Tag Archives: venice

Flip Flop House: Second Floor Joists

We are finishing up the structure of the second floor this week.  Here are some photos for your viewing pleasure:

The view from the master bedroom:

View from the second floor:

If you are still looking for a Holiday gift for that special someone, might we suggest this lovely, genuine construction-site music box:

Next week – the roof!

Flip Flop House: Wood Framing & Such

It was a busy day on site Tuesday!  John and Dan had to work out some things on the plans….

There were lots of wood framers and steel workers who were focused on their tasks….

And we all get to enjoy the beautiful weather and view that comes with building a house on the beach in SoCal!

While walking through the neighborhood behind the site, we found something (on an apartment that we had nopart in designing or building), however, that was not so beautiful….

An almost completely corroded column base!  (It would be appropriate to clap your hands to your face and breath, “oh no!”)

**DISCLAIMER:  This column is NOT part of ANY DBA project!**

This is what you can expect to happen in about 1-2 years when there is exposed steel near the ocean.  The salt in the air causes the corrosion.

This column will have to be replaced, which an intense process.

For both of our beach houses, we have taken extra steps to make sure that all of our steel is covered, either by stucco or break metal.  Break metal refers to sheets of stainless steel, which won’t get much, if any, rust.  If/when it does rust, it can be brushed off.

Take that salty air!

Flip Flop House: Wood Framing & Concrete

On the site, they are putting up wood framing, and pouring more concrete.  And yes, that is quite exciting for us :)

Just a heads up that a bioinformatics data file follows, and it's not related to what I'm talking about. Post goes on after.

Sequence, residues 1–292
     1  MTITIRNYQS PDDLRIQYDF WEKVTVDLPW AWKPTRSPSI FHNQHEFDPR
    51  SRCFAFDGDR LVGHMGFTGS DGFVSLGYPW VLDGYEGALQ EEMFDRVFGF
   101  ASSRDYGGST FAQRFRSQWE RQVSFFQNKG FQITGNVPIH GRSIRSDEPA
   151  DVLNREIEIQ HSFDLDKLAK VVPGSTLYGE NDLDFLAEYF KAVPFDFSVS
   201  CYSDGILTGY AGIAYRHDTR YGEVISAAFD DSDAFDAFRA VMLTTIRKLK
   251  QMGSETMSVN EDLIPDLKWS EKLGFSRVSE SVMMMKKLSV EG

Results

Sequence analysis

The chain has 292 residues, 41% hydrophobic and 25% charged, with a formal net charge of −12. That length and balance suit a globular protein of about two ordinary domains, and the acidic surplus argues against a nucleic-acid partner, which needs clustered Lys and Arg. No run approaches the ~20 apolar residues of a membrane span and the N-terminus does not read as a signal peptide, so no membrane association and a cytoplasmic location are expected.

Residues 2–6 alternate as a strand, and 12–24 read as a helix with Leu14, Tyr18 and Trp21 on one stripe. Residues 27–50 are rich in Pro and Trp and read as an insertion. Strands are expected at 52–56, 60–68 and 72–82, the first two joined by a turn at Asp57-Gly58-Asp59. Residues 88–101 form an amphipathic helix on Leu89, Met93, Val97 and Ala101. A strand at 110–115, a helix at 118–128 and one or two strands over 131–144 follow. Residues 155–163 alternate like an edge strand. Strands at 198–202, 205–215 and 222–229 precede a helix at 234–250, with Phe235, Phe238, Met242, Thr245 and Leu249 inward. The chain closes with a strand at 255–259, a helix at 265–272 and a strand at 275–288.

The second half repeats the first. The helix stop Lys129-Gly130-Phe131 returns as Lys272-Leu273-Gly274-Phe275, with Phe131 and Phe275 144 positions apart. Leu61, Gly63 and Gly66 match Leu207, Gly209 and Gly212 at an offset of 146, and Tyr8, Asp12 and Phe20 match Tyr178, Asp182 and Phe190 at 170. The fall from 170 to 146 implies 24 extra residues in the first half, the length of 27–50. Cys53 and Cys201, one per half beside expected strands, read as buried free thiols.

The wood framing portion of the building process takes longer than the steel – but it will look more and more like a home as the floors, walls and ceilings get filled in!

The concrete guys are back to work pour some more walls for us.  Here is a concrete curb at the side entrance of the property:

The 6′-0″ site wall that separates the Flip Flop House from the Code Red House:

Every time concrete is poured, samples are taken by dipping these canisters into the concrete.  They are then sent to a lab to show the strength of the concrete mix in order to keep track of the quality of the concrete we use.  #stuffyoudidn’tknow

The wood framing is moving along:

The wood joists support the flooring, while the blocking minimizes flexing in the joists.

The Nelson Studs are threaded rods that are welded to the steel and connect the wood to the steel.  We describe these more in the post Flip Flop House:  Wood Framing Begins!

Here’s a closeup of the joists and blocking:

These metal “buckets” support the “PSLs” that are used throughout the floor, according to the structural plans.  “PSLs consists of long veneer strands laid in parallel formation and bonded together with an adhesive to form the finished structural section. This product is used for beam and header applications where high bending strength is needed.” (via the APA-The Engineered Wood Association)

To end this post, here are some (awesome) views from the 1st floor living room:

Happy November!

Flip Flop House: Wood Framing Begins!

The wood framers have moved in.  We are doing things a bit asynchronous in order to keep up our tight schedule.  Staying on track, the framers will construct the deck of the 1st floor to start.  This will allow other crews / trades to work below safely.  You can see that the framers have built themselves a floating cat walk to ease their work.

The first step is to attach the beams at the rim of the structure.  At each steel beam, there are steel studs (Nelson Studs, nothing to do with Nelson’s Column).  The lumber is mounted to these studs, and field measuring is done at each unique location.  It takes roughly 30 minutes to complete each beam.

Below, the wood beam is attached to the steel structure.  You can see that now the Nelson studs have bolts and washers at their ends.  The wood has also been prepared in such a way so that the bolts are countersunk into the wood.  Check out Countersinking for more information.  As a whole, we prefer this method of mounting, however, there is added labor.

Above each steel beam, there is also a piece of lumber.  This is called a plate.  The plate is used as a means to interface the other miscellaneous framing and decking.